In brief

  • Ripple CEO Brad Garlinghouse and other executives met last week over video conference with Brazil's central bank president.
  • The meeting addressed "institutional matters" but was closed to the press.
  • Brazil's central bank chief has made pro-crypto comments in the past, unlike his peers.

Ripple is expanding in Brazil, and its efforts in the country are becoming more noticeable.

According to the agenda posted to the official website of the Central Bank of Brazil, the bank’’s president, Roberto Campos Neto, met last week with several representatives of the crypto startup behind the third-largest cryptocurrency by market capitalization, including CEO Brad Garlinghouse.

Other Ripple executives on the video conference with Neto included Luiz Sacco, Ripple’s general director for Latin America, and Ben Lawsky, a member of the company's board of directors—and creator of the infamous BitLicense.


The meeting, according to the agenda, was closed to the press, and Brazil’s central bank only mentioned that the call would “address institutional matters.”

Whatever was discussed during the conference was, for now at least, meant only for the eyes and ears of those in attendance. Neither Ripple nor representatives for the central bank immediately responded to Decrypt’s request for comment.

Nevertheless, that a meeting took place at all is notable, considering the principals: the head of the most important financial institution in Brazil and senior executives of one of the world’s most important crypto companies.

What’s more, unlike most central bank chiefs, Neto isn’t known for his anti-crypto rhetoric. In 2019, Brazil’s central bank president said he believed cryptocurrencies address several critical issues within the traditional financial system.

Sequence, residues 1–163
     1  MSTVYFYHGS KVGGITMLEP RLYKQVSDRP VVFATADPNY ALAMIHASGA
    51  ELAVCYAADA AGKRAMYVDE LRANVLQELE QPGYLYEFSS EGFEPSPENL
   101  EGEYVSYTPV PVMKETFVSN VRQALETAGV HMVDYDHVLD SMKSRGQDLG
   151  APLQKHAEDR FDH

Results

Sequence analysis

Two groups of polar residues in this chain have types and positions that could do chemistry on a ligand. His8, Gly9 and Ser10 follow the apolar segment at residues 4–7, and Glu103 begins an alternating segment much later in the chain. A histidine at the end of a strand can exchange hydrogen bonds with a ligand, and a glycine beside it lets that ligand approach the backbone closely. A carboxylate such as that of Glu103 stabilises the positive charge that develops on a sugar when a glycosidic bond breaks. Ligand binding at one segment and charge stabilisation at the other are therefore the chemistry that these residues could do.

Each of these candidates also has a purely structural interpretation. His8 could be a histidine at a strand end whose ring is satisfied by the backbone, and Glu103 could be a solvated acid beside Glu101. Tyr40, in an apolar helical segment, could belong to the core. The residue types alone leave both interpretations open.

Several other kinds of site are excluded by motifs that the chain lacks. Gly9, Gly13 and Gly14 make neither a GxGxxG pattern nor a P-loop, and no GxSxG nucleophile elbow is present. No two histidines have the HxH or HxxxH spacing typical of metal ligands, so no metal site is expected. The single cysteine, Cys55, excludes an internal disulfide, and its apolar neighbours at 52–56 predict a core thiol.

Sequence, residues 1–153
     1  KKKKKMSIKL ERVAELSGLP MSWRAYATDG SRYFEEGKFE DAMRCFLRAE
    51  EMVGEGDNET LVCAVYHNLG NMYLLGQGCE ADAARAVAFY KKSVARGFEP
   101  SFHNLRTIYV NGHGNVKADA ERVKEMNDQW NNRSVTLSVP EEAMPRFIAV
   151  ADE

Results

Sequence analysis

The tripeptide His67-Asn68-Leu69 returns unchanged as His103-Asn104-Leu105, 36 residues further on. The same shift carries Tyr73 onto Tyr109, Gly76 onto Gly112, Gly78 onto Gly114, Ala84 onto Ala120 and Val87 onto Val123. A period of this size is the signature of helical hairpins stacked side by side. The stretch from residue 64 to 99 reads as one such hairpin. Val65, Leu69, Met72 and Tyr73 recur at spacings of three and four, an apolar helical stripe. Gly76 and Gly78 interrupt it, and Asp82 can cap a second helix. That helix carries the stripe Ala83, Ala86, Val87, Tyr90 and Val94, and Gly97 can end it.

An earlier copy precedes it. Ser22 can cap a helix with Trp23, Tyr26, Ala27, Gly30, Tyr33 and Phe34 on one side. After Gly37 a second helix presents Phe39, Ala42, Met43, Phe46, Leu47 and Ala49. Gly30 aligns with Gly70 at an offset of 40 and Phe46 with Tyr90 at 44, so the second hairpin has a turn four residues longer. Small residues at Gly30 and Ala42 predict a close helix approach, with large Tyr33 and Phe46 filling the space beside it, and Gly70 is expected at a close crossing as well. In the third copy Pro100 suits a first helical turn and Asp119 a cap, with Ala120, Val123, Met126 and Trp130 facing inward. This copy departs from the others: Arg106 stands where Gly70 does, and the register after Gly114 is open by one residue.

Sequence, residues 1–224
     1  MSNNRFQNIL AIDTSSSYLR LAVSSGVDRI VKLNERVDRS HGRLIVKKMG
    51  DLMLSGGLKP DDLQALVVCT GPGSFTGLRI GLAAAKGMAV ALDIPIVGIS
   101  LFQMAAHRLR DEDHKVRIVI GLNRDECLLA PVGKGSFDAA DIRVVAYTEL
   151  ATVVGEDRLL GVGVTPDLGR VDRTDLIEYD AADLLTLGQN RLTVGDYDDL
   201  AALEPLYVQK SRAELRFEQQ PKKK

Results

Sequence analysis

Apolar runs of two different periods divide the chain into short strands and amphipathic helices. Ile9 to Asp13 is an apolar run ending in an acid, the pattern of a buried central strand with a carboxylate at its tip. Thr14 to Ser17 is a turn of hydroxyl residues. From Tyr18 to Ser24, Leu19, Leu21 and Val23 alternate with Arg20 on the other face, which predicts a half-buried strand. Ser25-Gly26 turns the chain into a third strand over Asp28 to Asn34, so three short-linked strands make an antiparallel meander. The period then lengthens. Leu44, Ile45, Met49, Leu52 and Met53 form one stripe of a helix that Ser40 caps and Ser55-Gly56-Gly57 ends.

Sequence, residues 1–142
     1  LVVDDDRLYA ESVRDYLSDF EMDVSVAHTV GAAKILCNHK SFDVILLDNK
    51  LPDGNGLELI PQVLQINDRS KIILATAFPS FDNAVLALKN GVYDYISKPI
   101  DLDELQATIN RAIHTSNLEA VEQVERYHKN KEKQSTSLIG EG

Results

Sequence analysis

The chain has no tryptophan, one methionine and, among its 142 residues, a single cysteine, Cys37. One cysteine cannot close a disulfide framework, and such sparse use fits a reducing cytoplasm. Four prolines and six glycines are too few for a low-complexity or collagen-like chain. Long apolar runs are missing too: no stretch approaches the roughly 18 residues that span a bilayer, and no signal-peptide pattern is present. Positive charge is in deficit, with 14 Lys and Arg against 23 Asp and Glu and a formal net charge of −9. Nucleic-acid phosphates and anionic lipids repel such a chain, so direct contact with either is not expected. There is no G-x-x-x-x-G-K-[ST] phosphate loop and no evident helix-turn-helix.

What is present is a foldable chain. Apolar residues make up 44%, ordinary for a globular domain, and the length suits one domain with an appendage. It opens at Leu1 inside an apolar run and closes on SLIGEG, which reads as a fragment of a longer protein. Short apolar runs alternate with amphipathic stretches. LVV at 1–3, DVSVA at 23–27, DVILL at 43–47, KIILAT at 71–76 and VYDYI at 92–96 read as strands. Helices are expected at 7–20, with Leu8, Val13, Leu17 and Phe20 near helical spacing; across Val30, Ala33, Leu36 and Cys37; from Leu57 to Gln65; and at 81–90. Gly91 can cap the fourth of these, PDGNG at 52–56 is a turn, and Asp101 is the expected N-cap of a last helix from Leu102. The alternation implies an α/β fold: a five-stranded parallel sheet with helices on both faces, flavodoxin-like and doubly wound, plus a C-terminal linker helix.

"I have always followed cryptocurrencies. I see that, in fact, this product aims to serve a person who wants a fast, secure, transparent, and cheap payment system," he said last November in an interview. "If we could turn the whole world into one country and have those four characteristics, there would be no reason not to have a digital currency. The big problem is how to interoperate that with international purchases."


Ripple is seemingly aware of Brazil’s stance on crypto and perhaps the potential for the country to act as a catalyst for crypto adoption throughout Latin America. This could explain why Ripple’s first regional office in South America is in Brazil, and the company’s global head of operations who is responsible for Ripple's expansion strategy in the region is also a renowned Brazilian businessman.

Recently, Brazil added the use of blockchain technologies as a goal within its Digital Government Strategy. In this sense, the government seeks to use this technology to increase efficiency and transparency in different areas of public administration (as long as they don’t mess with the country’s gun policy).

With this in mind, as well as the positive results Ripple’s tech has produced within private institutions in Brazil, such as Grupo Santander, Ripple may be looking to establish itself as the blockchain infrastructure solution for the wealthiest country in all of Latin America.

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